See also


  1. ^ Urdu: چپلی کباب
  2. ^ Hindi: चपली कबाब


  1. ^ a b Taylor Sen, Colleen; Bhattacharyya, Sourish; Saberi, Helen (2023-02-23). The Bloomsbury Handbook of Indian Cuisine. Bloomsbury Academic. p. 196. ISBN 978-1-350-12863-7. Another fried kebab is chapli kebab that may have originated in Peshawar. The name comes either from Pushto chapleet, meaning 'flat', or from chappal, Hindi for sandal, alluding to its shape.
  2. ^ "What Makes Chapli Kebab A Meat Lover's Dream Come True?". Slurrp. Retrieved 2023-04-26. The Chapli Kabab is said to have its origins in Peshawar, Pakistan.
  3. ^ a b Bailey, Natasha (2023-01-18). "What Makes Pakistan's Chapli Kababs Different From Others?". Tasting Table. Retrieved 2023-04-26. The Chapli kabab is one of Pakistan's most beloved dishes. This particular kabab was reportedly first created in Peshawar, in the northwestern corner of the country.
  4. ^ "Eating Chapli Kababs in Northern Pakistan". The Localist. 2015-03-08. Retrieved 2023-04-26. In Pakistan, chapli kabab originally comes from the northern areas, in particular Peshawer, capital of Khyber Pakhtunkhwa province.
  5. ^ a b c d e f g h Khan, Palwasha (2021-01-23). "Eating Chapli Kababs in Northern Pakistan". The Localist. Archived from the original on 2016-05-17. Retrieved 2021-04-08.
  6. ^ a b c "Dhaka shops selling iftar delicacies". Bangla Tribune. Retrieved 2020-11-07.
  7. ^ "What Makes Chapli Kebab A Meat Lover's Dream Come True?". Slurrp. Retrieved 2023-04-26. The Chapli Kabab is said to have its origins in Peshawar, Pakistan.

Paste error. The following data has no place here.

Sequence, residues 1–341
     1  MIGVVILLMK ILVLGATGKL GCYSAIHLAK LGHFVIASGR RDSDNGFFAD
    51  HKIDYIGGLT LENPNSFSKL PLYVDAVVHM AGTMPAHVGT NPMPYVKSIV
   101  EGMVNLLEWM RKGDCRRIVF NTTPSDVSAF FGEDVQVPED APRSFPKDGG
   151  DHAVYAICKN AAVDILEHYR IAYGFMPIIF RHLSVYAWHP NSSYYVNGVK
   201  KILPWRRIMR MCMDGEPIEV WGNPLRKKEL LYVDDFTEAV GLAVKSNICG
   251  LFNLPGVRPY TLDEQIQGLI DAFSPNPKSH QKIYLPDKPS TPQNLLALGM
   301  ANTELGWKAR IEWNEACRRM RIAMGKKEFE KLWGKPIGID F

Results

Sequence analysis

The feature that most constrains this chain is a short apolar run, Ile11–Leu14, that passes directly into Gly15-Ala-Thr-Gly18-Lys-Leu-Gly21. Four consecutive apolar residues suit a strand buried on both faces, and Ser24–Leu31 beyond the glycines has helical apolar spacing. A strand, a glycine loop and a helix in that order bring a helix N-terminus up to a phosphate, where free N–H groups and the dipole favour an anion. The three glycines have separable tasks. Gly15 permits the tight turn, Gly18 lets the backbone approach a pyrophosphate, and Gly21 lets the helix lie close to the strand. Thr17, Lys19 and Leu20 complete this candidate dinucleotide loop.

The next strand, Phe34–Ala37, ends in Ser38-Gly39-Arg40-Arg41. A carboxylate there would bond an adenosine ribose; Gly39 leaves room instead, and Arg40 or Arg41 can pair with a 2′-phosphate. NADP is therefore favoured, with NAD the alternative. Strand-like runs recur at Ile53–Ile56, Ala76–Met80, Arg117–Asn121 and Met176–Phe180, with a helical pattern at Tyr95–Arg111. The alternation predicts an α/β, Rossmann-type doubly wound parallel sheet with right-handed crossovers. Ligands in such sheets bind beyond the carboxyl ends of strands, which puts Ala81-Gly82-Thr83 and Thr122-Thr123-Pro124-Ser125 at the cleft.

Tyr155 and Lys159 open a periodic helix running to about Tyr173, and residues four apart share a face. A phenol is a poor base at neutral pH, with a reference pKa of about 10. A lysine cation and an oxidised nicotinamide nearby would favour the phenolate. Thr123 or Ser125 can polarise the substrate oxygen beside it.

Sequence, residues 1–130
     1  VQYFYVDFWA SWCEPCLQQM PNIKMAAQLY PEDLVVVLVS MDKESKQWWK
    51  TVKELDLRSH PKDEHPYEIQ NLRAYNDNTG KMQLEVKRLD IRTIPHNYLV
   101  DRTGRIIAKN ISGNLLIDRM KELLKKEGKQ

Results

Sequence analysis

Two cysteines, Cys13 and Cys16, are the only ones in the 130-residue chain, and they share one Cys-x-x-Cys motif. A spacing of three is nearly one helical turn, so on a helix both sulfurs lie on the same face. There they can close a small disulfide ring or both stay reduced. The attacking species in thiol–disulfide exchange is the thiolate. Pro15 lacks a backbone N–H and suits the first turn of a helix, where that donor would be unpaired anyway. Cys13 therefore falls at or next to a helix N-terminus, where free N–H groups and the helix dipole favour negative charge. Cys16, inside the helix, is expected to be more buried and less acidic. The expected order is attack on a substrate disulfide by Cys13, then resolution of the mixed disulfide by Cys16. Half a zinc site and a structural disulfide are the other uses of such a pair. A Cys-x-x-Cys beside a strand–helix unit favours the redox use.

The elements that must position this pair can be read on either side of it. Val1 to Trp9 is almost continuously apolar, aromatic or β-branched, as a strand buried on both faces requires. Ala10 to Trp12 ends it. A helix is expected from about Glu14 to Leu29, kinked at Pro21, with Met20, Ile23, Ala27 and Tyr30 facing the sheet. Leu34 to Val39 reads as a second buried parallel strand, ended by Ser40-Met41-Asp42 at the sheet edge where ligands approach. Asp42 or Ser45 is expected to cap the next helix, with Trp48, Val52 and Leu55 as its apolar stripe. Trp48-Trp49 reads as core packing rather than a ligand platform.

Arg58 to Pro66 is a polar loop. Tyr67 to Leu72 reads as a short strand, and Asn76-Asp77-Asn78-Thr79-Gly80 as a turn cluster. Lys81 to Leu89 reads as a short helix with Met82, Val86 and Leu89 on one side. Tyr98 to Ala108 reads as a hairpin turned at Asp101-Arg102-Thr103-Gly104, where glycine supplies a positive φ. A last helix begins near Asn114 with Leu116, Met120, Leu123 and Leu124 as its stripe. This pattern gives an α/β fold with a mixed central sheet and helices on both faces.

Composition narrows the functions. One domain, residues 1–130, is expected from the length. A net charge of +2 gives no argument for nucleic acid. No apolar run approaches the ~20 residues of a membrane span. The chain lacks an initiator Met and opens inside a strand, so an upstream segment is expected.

8. ^ "Beef Chapli Kabab Eggless Recipe". homtainment. 2021-10-21. Retrieved 2023-07-02.
  9. ^ "Chapli Kebab: The Flat Minced Meat Marvel Is An Explosion of Flavours You Must Not Miss". 27 October 2017.
  10. ^ "'Chapli Kebab' - Alpana Habib". The Daily Star. Retrieved 2020-11-07.
  11. ^ Mittmann, Karin; Ihsan, Zafar (1991). Culture Shock!: Pakistan. Graphic Arts Center Publishing Company. p. 104. ISBN 9781558680593.
  12. ^ a b c d Shinwari, Sher Alam (13 October 2013). "On the menu: Krazy about (Chapli) kebab". Dawn. Retrieved 25 July 2016.
  13. ^ Burman, Divya. "Peshawari Chappali Kebab". NDTV Food. Retrieved 25 July 2016.
  14. ^ Malik, Shiza (27 July 2015). "Khyber's most delicious export". Dawn. Retrieved 25 July 2016.
  15. ^ Usmani, Sumayya. "Beef chapli kebab with pomegranate chutney". BBC Radio 4. Retrieved 25 July 2016.
  16. ^ Webb, Lois Sinaiko; Roten, Lindsay Grace (2009). The Multicultural Cookbook for Students. ABC-CLIO. p. 102. ISBN 9780313375590.
  17. ^ Agha, Bilal (25 March 2016). "Weekend grub: Could these chapli kebabs from Peshawar be the best in Pakistan?". Dawn. Retrieved 25 July 2016.
  18. ^ Dupree, Louis (2014). Afghanistan. Princeton University Press. p. 231. ISBN 9781400858910.
  19. ^ Khaliq, Fazal (16 February 2012). "Comfort food: Keeping warm with kebabs". The Express Tribune. Retrieved 25 July 2016.